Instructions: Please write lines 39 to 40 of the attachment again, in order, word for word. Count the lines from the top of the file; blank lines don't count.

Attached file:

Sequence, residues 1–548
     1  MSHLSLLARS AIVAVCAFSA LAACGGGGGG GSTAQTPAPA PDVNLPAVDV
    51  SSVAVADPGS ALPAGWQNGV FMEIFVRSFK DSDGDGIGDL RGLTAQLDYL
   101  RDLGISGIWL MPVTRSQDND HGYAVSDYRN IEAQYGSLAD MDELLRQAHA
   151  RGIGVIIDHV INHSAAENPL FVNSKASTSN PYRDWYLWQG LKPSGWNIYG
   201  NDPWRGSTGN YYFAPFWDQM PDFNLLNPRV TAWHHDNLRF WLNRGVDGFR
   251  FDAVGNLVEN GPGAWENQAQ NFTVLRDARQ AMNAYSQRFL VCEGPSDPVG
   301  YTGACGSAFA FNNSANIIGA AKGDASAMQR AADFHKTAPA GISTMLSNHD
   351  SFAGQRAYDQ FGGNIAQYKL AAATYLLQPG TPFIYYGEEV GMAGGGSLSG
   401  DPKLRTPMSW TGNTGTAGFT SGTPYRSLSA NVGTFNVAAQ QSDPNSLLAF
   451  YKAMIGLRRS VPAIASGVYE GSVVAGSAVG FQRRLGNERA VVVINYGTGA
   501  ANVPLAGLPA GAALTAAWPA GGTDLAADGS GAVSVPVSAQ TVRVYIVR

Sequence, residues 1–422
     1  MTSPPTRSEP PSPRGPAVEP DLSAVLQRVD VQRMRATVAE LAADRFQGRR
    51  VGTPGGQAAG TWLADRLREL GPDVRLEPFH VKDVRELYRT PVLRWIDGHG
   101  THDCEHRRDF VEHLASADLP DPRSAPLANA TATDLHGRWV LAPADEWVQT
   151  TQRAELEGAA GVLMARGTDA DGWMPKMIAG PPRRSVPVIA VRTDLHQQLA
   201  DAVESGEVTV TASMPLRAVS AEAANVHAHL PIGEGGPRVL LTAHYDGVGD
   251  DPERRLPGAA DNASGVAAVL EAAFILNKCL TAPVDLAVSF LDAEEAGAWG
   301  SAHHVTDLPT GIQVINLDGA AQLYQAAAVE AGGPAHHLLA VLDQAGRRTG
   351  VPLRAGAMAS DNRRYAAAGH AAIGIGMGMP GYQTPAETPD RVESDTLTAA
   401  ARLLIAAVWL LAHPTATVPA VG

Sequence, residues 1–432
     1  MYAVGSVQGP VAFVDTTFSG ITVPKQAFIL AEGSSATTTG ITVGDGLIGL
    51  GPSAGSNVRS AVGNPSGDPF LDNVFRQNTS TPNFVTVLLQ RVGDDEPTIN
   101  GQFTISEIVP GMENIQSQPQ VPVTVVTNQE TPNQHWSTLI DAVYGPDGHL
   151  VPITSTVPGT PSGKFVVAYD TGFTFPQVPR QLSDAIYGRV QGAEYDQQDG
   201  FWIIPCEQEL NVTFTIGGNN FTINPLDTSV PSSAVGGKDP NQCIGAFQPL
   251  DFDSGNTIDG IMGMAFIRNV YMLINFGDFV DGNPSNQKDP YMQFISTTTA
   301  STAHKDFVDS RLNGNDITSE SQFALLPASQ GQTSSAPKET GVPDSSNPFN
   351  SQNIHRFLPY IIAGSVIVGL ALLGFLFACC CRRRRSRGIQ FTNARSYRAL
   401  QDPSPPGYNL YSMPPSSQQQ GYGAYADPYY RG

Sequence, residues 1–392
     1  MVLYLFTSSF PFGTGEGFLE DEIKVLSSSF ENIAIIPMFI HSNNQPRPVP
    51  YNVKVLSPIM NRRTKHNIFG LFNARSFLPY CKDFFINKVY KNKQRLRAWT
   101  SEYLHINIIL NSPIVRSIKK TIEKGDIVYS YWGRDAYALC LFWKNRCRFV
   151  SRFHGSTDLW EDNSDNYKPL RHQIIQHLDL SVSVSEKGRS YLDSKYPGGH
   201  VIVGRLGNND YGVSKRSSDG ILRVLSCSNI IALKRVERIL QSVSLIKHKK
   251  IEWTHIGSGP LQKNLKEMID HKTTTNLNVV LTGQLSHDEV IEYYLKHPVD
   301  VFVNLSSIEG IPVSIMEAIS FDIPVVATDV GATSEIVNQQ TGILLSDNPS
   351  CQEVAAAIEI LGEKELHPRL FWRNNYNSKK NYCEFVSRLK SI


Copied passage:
   251  IEWTHIGSGP LQKNLKEMID HKTTTNLNVV LTGQLSHDEV IEYYLKHPVD
   301  VFVNLSSIEG IPVSIMEAIS FDIPVVATDV GATSEIVNQQ TGILLSDNPS